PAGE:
Food, Inc. and the Origins of Your Food: 3 Reasons to Remain Ignorant (Plus Free Movie Screenings)

by Elizabeth Lang on 14 July 2009 19 comments

Food, Inc., a movie detailing the origins and production of food, came to theaters last month and it's already ruffled some feathers in the food industry. (Pardon the poor pun.)  Several groups have put up websites combating "misinformation" in the movie.  (See, for example, Monsanto's "Facts" and GreenUpgrader's take on those facts.)

I haven't yet watched Food, Inc. (though I'm planning on seeing a free showing tonight, see details below), but a year ago I read In Defense of Food: An Eaters Manifesto  by Michel Pollan.  Pollan examines what we eat and concludes that we should live by this mantra: "Eat food. Not too much. Mostly plants." Philip wrote a review of In Defense of Food previously. 

Even though I was already a healthy eater, In Defense of Food dramatically changed the way I eat -- and I highly recommend it for those interested in healthy eating and food production. For instance, up until last weekend when I binged on s'mores, you wouldn't have found any high fructose corn syrup in my house. (And no, the HFCS was not in the chocolate or marshmallows -- it was in the graham crackers.)

While I'm glad I've become more knowledgeable about food, in light of Food, Inc.'s release, I think it's worth examining the hidden costs of being an informed consumer.  [Of course, in spite of the downsides I list in this post, I strongly believe that the pros of being an informed consumer far outweigh the cons.]

Costs of Being an Informed Consumer, or Why Not to Learn about the Origins of Your Food

1.  Money. Once you learn where your food is coming from, you're likely to spend more money on it.  You'll look for organic produce for its environmental and health benefits.  I've never seen organic produce that's cheaper than conventional.  It may not be significantly more expensive, but organic produce will cost more. What's more, upon seeing graphic images and hearing stories of the animals' plights, you'll likely start buying free range meat and eggs -- again, more expensive than conventional products.  (However, in learning about the origins of your food you may decide to become vegetarian or vegan.  Doing so will arguably save you money.)

2.  Time.  Once you're knowledgeable about the origins of your food you're going to start reading labels.  If you haven't looked at a list of ingredients on your bread lately take a look today.  You'll be surprised at how many ingredients there are -- thus requiring a lot of time to read when you're perusing the grocery store aisles.   But what takes even more time than checking to see if high fructose corn syrup in your food?  Cooking healthy food.  Once you start learning about food production and stop buying pre-made items you'll spend far more hours in the kitchen.

3.  Guilt. The immeasurable cost of being informed is guilt.  If you learn about the origins of your food you may begin to feel guilty about biting into your hamburger, even if it is free range.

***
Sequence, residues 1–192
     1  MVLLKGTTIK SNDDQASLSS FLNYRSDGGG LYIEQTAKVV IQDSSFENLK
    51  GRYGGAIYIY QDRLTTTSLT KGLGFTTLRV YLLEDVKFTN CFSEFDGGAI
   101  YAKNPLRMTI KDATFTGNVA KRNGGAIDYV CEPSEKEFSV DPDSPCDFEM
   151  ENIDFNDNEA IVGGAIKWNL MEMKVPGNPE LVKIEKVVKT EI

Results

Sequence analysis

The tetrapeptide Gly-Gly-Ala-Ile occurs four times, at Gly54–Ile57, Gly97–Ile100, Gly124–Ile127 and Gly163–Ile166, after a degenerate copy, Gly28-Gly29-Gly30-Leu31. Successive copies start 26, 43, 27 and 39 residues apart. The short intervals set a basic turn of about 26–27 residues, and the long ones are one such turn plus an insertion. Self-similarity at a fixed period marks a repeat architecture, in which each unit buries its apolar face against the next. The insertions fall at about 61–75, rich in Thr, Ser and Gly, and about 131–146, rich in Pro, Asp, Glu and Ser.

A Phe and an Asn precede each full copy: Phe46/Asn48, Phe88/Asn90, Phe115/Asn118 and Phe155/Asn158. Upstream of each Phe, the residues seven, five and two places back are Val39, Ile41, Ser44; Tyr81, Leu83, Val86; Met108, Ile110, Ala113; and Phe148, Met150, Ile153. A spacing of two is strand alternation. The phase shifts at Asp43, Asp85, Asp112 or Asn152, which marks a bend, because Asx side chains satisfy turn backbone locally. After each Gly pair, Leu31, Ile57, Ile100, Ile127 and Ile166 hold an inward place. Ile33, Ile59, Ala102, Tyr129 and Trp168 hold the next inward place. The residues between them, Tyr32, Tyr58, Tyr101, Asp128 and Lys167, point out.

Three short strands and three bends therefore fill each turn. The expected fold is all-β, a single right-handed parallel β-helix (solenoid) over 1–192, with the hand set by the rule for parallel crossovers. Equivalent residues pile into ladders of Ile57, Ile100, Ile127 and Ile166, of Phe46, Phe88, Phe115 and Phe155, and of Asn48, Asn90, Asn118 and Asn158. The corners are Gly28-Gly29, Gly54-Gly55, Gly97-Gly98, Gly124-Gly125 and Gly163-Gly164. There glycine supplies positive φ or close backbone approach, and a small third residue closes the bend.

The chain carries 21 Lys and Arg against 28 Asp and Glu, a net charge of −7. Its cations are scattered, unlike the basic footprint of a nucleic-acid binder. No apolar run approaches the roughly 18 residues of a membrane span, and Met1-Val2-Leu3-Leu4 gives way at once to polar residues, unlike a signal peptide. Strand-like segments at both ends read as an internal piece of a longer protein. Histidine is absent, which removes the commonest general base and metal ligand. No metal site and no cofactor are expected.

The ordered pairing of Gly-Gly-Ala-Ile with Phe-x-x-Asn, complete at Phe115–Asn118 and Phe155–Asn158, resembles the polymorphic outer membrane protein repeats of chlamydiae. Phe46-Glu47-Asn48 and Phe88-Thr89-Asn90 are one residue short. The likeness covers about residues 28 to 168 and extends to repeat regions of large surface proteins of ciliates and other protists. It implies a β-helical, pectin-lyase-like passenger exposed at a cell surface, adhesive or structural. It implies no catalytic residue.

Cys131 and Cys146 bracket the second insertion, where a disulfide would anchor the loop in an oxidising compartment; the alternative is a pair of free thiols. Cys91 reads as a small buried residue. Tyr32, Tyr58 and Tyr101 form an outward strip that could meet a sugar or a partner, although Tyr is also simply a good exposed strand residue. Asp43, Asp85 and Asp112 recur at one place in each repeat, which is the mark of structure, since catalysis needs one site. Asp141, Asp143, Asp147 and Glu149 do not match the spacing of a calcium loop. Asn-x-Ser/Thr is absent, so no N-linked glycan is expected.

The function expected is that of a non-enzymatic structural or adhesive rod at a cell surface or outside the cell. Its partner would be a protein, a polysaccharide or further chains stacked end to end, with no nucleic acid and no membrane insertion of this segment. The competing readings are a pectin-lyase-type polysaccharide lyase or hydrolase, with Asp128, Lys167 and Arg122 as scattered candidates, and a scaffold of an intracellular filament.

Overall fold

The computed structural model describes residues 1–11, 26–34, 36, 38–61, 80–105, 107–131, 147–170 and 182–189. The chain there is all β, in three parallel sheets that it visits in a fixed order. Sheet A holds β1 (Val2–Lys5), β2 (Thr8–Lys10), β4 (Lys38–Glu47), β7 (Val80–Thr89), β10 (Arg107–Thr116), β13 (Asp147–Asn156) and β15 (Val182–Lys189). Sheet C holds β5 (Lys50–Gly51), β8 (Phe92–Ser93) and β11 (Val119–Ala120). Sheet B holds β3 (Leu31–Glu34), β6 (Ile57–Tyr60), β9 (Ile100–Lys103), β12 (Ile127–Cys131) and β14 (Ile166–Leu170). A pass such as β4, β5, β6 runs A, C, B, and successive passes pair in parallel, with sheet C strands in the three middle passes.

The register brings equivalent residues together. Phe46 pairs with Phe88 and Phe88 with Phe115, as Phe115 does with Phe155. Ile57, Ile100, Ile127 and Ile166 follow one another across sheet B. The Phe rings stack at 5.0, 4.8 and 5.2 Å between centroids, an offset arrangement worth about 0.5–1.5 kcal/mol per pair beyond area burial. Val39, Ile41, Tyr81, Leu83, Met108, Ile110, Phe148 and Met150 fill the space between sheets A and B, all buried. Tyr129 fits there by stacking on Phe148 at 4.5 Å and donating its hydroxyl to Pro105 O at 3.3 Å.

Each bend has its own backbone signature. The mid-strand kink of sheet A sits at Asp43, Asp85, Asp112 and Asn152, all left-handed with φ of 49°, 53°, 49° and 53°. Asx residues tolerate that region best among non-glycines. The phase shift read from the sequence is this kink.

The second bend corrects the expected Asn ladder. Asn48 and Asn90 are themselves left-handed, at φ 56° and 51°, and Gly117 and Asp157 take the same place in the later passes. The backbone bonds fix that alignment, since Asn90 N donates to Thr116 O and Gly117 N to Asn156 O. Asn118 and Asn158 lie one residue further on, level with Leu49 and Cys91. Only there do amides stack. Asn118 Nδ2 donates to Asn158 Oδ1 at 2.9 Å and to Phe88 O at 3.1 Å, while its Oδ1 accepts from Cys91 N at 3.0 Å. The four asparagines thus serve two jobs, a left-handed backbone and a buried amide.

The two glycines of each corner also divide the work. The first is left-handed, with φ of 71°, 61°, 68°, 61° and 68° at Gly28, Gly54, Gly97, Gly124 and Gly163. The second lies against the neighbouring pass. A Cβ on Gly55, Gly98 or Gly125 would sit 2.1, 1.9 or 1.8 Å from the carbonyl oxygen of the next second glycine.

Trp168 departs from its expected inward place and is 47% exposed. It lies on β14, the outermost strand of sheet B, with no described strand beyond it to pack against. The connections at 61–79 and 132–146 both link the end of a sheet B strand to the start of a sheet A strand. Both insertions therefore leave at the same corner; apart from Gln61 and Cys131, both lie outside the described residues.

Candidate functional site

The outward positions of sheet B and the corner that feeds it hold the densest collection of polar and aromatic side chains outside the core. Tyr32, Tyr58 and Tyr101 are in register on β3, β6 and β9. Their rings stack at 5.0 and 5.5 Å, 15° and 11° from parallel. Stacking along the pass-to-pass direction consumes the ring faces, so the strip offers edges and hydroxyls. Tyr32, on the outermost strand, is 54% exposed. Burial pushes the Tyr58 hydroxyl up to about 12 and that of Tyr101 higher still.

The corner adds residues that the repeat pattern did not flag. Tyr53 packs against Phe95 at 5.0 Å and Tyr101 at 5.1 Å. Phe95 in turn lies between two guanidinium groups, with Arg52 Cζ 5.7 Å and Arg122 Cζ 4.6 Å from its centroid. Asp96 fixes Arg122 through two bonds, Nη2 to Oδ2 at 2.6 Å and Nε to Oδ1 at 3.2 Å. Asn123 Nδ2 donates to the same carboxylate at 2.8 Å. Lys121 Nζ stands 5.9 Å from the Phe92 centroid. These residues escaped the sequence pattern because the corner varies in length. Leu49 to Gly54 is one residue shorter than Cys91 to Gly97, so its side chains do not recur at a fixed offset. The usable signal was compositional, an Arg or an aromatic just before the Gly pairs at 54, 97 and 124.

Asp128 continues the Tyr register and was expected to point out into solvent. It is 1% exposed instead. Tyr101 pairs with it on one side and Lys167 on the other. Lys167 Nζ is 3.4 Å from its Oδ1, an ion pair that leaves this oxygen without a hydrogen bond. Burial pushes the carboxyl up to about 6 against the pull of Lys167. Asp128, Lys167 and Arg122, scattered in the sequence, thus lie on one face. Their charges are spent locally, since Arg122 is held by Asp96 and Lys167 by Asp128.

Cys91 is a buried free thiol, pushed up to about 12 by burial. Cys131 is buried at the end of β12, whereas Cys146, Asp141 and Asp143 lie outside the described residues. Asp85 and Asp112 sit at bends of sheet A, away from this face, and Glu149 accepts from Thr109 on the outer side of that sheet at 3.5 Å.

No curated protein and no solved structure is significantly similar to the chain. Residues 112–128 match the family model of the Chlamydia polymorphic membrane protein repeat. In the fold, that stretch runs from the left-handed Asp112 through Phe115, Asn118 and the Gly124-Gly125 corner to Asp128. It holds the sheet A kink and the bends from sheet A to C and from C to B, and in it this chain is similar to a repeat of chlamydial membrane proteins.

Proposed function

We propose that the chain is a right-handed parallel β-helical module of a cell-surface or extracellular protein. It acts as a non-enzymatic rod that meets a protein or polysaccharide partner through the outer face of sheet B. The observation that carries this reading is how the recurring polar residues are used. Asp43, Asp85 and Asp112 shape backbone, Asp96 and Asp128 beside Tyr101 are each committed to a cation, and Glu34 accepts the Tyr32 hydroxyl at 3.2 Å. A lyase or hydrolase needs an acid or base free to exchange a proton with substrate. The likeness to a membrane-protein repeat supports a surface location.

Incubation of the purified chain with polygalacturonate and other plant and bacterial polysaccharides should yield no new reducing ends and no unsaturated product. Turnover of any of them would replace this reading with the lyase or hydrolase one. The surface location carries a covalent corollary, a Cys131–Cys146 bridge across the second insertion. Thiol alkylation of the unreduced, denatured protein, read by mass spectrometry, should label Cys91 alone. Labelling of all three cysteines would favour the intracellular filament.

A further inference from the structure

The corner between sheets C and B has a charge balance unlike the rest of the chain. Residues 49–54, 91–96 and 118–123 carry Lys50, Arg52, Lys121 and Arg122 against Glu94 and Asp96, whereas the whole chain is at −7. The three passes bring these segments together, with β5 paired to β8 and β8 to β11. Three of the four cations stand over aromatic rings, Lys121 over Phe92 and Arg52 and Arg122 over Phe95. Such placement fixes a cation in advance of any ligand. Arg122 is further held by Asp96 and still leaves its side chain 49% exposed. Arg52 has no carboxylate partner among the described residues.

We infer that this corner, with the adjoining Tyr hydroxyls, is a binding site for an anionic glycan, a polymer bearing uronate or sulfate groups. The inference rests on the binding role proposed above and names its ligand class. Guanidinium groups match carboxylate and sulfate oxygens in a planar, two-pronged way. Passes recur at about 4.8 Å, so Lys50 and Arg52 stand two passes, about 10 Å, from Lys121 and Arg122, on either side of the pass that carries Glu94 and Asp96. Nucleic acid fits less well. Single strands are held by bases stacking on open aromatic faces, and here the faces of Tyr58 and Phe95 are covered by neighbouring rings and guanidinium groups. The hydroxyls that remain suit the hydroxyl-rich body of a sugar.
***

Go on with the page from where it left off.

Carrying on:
While I am a huge advocate of eating "real food" -- we belong to an organic farm share CSA (community supported agriculture), shop at our local co-op, and limit our consumption of meat -- sometimes the old saying really is true.  Ignorance can be bliss.  

Free Showings of Food, Inc. 

As previously mentioned in Best Deals, Chipotle is sponsoring free showings of Food, Inc. in the next few weeks.  Check here for locations and times.

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Guest's picture

I understand completely the angle that you are taking with this article and of course, I understand that you are an advocate of being a responsible consumer. But just to engage an enticing topic, I will offer up a counter argument. If you have to sit there reading labels, put the food back. There aren't any labels in your produce aisle. Better yet, grow some of your own food. I live on a very tiny city plot. It literally takes me ten minutes to mow my front and back lawn with a push mower. Even at that, we still grow a number of herbs, tomatoes, peppers and zucchinis. It's also quite easy to make your own bread. In fact, just like in the Bhagavad Gita, I would argue making your own bread, growing your own food, is quite spiritual, can often be quite a bit cheaper...just a package of seeds, some water and some sweat equity. Replace your guilt with pride in your own creations.

Namaste ~

Guest's picture

Excellent point about the reading labels -- for me, I tend to get stuck on crackers. I love cheese and crackers and while I often intend to make my own, it always seems easier to buy them.

Guest's picture
Jake

I completely support buying organic food for environmental reasons, but except for chronically exposed field workers, data from the medical literature don't support harm to humans. It makes sense that pesticide-free food would be healthier, and maybe someone will convincingly show that soon, but it's likely an insidious effect or a quite marginal one. That said, it can't hurt.

Guest's picture
Guest

Very interesting and different perspective!

Guest's picture
Guest

Pay more now in getting healthy food, or pay higher health care costs later.

Guest's picture
Carrie

Once you find out, you can't unring that bell.

Guest's picture
Kate

I have seen organic produce cheaper than conventional. Sometimes the avocados at my local market are priced that way. The non-certified organic produce from my garden is far cheaper than what I can buy at any store and much tastier too. No transportation costs either.

Also, the organic feed I purchase for my hens, produced locally, is cheaper than the pellets from the feed store that contain dog knows what and come from dog knows where.

I'm with Charley. If you have to scrutinize the label, put it back on the shelf.

Guest's picture
guy barbato

well... i have a very different perspective.

1st, i buy/consume local, because i like my $$ to stay local. not to finance folks in other places, but NOT because i have any illusions about differences in quality or nutritional value.